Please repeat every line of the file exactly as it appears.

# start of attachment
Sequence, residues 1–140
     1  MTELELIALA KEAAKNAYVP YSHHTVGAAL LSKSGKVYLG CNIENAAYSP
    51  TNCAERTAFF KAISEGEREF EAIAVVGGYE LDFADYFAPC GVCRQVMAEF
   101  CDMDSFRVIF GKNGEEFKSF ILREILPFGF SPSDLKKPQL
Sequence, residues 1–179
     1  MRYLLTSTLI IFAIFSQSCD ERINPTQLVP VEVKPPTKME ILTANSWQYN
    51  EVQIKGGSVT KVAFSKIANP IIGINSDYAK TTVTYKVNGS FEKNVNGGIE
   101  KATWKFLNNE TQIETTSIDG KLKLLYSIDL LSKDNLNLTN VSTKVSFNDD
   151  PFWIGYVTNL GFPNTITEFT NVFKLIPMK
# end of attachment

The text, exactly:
Sequence, residues 1–140
     1  MTELELIALA KEAAKNAYVP YSHHTVGAAL LSKSGKVYLG CNIENAAYSP
    51  TNCAERTAFF KAISEGEREF EAIAVVGGYE LDFADYFAPC GVCRQVMAEF
   101  CDMDSFRVIF GKNGEEFKSF ILREILPFGF SPSDLKKPQL
Sequence, residues 1–179
     1  MRYLLTSTLI IFAIFSQSCD ERINPTQLVP VEVKPPTKME ILTANSWQYN
    51  EVQIKGGSVT KVAFSKIANP IIGINSDYAK TTVTYKVNGS FEKNVNGGIE
   101  KATWKFLNNE TQIETTSIDG KLKLLYSIDL LSKDNLNLTN VSTKVSFNDD
   151  PFWIGYVTNL GFPNTITEFT NVFKLIPMK